Snow tourism ‘white gold’

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Increasingly erratic snow coverage in the European Alps could prove a boon for Norwegian ski tourism. A group of competing resorts in Norway’s south have banded together to attract British charter flights direct to Fagernes for the first time, packed with snow-loving tourists.

The view from the peak of Totten (1,497m) at Hemsedal ski centre. The summit is easily accessed by lifts, and offers skiing of all abilities. Such reliable conditions are luring snow tourists to Norway, instead of traditional ski destinations in the European alps. PHOTO: newsinenglish.no

The view from the peak of Totten (1,497m) at Hemsedal ski centre. The summit is easily accessed by lifts, and offers skiing of all abilities. Such reliable conditions are luring snow tourists to Norway, instead of traditional ski destinations in the European alps. PHOTO: newsinenglish.no

Leirin airport in Fagernes boasts the shortest transfer time from plane to slopes of any European airport. Beitostølen resort, which is just 40 minutes away, has joined together with traditional rivals at Hemsedal and Geilo to cash in on their logistical advantage, newspaper Dagens Næringsliv (DN) reported. UK travel company Crystal Ski’s first charter flight, carrying 189 passengers, arrived at Fagernes just before Christmas.

More important than a fast transfer is the guarantee of good snow. “Norway stands for absolute guaranteed snow,” said Crystal Ski Director, Trevor DeVilliers. “That’s not so in the alps.” His weekly Norwegian ski tours will run until the end of March, and more than half are already booked out.

“We have seen some problems, for example in the French Alps, where you can experience dream conditions and masses of snow, but also bare slopes  in the middle of winter,” said DeVilliers. “Furthermore, you have many opportunities for winter activities in Norway. There’s not only steep slopes, but cross country, dog sledding and others. People will get to experience the winter snow.”

Grim alps forecast
Climate researchers predict Nordic ski tourism will consolidate itself as the safest bet in the coming years, reported DN. Much climate modelling predicts a temperature increase of four degrees Celsius by the end of the century, which would have catastrophic effects for ski tourism.

A report by the Swedish Meteorological Institute (Sveriges Meteorologiska Institut, SMHI) said 87 percent of European alpine slopes are currently located in the alps, but a temperature increase of four degrees would leave three quarters of the descents without snow.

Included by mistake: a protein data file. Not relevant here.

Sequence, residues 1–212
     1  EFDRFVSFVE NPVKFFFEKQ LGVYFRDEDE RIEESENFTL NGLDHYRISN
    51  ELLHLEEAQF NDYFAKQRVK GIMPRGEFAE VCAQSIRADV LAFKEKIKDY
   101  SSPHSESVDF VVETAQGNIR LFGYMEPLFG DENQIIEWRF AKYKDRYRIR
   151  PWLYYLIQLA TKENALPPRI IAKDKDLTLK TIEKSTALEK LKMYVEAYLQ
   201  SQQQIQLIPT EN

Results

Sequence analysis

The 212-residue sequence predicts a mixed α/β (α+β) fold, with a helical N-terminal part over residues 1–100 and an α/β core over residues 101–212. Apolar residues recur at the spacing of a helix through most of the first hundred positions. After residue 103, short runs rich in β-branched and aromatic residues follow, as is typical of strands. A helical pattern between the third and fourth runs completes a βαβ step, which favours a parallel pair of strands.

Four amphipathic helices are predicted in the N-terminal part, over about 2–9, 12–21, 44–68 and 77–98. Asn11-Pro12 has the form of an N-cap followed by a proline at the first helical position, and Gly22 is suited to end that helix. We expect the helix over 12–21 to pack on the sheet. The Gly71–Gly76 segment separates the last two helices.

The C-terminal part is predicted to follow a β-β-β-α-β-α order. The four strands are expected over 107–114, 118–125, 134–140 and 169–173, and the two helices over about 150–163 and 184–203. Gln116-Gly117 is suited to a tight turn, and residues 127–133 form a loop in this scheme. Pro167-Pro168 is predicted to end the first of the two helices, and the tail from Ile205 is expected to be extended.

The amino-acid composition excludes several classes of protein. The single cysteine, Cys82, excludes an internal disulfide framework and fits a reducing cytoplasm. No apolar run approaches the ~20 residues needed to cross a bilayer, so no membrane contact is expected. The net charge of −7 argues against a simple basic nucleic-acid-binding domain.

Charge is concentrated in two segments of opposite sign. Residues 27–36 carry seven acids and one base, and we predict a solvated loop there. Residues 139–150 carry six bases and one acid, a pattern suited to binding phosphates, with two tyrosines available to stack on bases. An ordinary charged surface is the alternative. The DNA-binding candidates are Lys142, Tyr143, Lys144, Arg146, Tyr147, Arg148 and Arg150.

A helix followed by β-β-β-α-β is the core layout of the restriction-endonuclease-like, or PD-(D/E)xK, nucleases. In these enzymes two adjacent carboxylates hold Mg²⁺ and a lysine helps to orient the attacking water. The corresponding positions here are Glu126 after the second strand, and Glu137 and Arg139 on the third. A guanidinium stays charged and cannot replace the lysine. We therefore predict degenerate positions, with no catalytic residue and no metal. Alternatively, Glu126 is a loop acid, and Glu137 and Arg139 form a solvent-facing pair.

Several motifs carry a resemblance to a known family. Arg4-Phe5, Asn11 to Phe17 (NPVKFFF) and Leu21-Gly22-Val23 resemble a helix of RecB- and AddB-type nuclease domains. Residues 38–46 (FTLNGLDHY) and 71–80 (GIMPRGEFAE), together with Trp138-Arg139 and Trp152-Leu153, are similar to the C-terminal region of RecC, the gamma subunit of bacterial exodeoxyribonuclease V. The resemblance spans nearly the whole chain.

Oskar Landgren from the Norwegian Meteorological Institute (Meteorologisk institutt, MET) has worked with European scientists researching different snow scenarios in the alps, and their effects on winter tourism. “The uncertainty in the alps already means that new initiatives must be planned higher in the terrain,” Landgren explained. “But there is a limit how close to the summits you can build.”

Norway more stable, but won’t go unscathed
While Norway is set for more secure winter weather than the alps, MET researchers warned it will also feel the effects. “Higher temperatures at first mean more snow over a certain height,” explained climate researcher Rasmus Benestad. “But then it turns to rain. The major question of course is which heights we’re talking about. I want to believe we’ll get good snow conditions over 900 metres above sea level for the next two or three decades.”

Benestad predicts lower altitudes in eastern Norway will feel the impact of warm winds, which have blown across mountain ranges. “There, they lose the humidity from the sea and are dry when they come down to the lowlands,” he said. “Dry and warm wind takes humidity from the slopes, and since the wind moves we constantly get new warm, dry wind. It destroys the snow.”

For now, the climatologists predict Beitostølen, Hemsedal and Geilo’s ventures are safe. Their average temperatures are currently so low, they have a lot of breathing room. Crystal Ski’s Trevor DeVilliers  said his customers are satisfied. “In the alps, there’s not always snow where you stay, you have to take lifts up to the mountain to go skiing,” he explained. “In Norway there’s snow right outside the front door. That’s what people want.”

newsinenglish.no/Emily Woodgate